Weeks prior, the group had hacked the website of the Iranian parliament.

Edalat-e Ali had previously hacked the surveillance cameras of Iranian prisons, as well as government websites, including the website of the Iranian President.


European Leaders Arrive in Kyiv as Ukraine Marks 2 Years since Russia’s Full-Scale Invasion

Ukrainian servicemen operate a German self-propelled anti-aircraft gun Gepard near the southern Ukrainian city of Odesa, Ukraine, 22 February 2024 amid the Russian invasion. EPA/IGOR TKACHENKO
Ukrainian servicemen operate a German self-propelled anti-aircraft gun Gepard near the southern Ukrainian city of Odesa, Ukraine, 22 February 2024 amid the Russian invasion. EPA/IGOR TKACHENKO
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European Leaders Arrive in Kyiv as Ukraine Marks 2 Years since Russia’s Full-Scale Invasion

Ukrainian servicemen operate a German self-propelled anti-aircraft gun Gepard near the southern Ukrainian city of Odesa, Ukraine, 22 February 2024 amid the Russian invasion. EPA/IGOR TKACHENKO
Ukrainian servicemen operate a German self-propelled anti-aircraft gun Gepard near the southern Ukrainian city of Odesa, Ukraine, 22 February 2024 amid the Russian invasion. EPA/IGOR TKACHENKO

Western leaders descended on Kyiv Saturday to mark the second anniversary of Russia's full-scale invasion of Ukraine.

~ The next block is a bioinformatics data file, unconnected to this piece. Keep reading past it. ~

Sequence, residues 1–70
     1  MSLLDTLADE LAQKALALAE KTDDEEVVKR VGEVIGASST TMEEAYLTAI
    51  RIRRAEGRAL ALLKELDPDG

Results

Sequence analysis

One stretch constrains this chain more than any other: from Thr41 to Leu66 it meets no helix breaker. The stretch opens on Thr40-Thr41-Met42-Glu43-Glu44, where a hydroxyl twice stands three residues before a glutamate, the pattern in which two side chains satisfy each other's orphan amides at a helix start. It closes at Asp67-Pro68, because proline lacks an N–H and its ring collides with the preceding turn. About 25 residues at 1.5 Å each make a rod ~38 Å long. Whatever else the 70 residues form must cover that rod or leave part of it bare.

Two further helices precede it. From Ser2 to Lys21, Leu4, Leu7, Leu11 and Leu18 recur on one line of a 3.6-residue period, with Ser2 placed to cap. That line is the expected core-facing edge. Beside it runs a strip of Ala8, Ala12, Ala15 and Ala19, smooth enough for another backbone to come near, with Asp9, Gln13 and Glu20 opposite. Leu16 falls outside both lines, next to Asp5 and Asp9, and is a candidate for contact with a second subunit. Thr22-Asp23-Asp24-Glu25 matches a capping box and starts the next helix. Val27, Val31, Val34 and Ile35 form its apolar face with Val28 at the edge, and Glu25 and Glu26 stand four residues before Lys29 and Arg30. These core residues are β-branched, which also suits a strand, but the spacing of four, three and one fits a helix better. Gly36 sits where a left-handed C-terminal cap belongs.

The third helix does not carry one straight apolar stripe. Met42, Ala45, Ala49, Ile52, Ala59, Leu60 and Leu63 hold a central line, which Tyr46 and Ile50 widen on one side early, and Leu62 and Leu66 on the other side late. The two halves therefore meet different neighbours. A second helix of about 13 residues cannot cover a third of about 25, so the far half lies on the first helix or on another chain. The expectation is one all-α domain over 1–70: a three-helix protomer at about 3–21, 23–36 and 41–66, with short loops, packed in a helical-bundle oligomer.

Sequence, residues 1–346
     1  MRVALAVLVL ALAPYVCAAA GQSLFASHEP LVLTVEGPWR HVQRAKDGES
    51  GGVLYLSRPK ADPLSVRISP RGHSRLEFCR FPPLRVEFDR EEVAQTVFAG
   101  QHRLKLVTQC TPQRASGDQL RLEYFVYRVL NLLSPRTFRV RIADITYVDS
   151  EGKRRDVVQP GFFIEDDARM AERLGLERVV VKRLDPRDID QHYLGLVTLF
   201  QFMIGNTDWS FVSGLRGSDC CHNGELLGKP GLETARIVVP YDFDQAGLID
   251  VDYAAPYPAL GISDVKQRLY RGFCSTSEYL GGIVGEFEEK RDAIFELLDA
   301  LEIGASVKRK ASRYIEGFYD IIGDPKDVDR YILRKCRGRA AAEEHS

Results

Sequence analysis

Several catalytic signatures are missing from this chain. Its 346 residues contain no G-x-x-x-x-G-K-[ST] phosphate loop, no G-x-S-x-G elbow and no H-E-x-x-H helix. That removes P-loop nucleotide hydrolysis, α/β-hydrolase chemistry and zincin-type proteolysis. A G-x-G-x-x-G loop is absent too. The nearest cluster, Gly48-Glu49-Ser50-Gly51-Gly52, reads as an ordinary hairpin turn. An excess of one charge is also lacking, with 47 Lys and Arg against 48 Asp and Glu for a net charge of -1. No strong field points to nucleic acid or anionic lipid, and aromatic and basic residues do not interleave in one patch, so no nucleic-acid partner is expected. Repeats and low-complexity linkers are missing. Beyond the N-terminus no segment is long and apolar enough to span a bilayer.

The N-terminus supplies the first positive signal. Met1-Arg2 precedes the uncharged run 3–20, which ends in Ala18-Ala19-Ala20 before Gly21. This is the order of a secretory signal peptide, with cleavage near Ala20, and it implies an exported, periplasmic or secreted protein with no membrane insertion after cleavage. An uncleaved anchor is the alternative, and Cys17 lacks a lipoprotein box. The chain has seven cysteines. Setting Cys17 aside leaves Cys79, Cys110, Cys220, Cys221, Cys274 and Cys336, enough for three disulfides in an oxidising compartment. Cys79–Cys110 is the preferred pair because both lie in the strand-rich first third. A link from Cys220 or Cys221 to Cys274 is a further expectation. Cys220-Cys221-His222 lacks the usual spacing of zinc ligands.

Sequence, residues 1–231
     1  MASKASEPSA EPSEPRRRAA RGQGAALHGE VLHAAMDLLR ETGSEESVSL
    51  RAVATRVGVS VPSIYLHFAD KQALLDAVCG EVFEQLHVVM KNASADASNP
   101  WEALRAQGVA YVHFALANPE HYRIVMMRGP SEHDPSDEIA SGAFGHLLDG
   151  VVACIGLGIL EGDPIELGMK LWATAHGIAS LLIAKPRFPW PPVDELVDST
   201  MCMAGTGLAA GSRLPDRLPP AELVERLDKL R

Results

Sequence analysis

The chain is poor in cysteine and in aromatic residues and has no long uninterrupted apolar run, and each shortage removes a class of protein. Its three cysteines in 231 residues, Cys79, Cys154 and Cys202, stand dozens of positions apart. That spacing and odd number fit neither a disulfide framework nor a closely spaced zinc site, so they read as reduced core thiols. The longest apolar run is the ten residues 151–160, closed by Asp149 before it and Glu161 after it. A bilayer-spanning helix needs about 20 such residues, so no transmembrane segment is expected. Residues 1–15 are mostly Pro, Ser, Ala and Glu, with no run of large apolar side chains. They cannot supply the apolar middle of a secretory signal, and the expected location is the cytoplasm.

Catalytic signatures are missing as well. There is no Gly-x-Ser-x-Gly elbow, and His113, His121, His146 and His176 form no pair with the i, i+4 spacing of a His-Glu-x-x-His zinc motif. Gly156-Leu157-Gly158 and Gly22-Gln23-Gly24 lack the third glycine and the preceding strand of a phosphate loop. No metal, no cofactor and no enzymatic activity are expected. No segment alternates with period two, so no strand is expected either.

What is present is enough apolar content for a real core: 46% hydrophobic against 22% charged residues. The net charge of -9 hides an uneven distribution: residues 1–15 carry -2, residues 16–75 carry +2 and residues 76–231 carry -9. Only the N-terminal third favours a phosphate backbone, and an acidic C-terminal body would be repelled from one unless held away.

European Commission President Ursula von der Leyen traveled overnight to Kyiv by train along with Italian Premier Giorgia Meloni, Belgian Prime Minister Alexander De Croo and Canadian Prime Minister Justin Trudeau.

They arrived shortly after a Russian drone attack struck a residential building in the southern city of Odesa, killing at least one person. Three women also sustained severe burns in the attack Friday evening on a residential building, regional Governor Oleh Kiper said on his social media account. Rescue services are still combing rubble looking for survivors.

The foreign leaders are in Ukraine to express solidarity as Ukrainian forces run low on ammunition and weaponry and Western aid hangs in the balance.

“More than ever we stand firmly by Ukraine. Financially, economically, militarily, morally. Until the country is finally free,” von der Leyen said in a post on X, formerly Twitter, after she arrived in Kyiv.

Italy, which holds the rotating presidency of the Group of Seven leading economies, announced that the group's heads of state and government will meet virtually on Saturday, with Ukrainian President Volodymyr Zelenskyy participating as well, and would adopt a joint statement on Ukraine.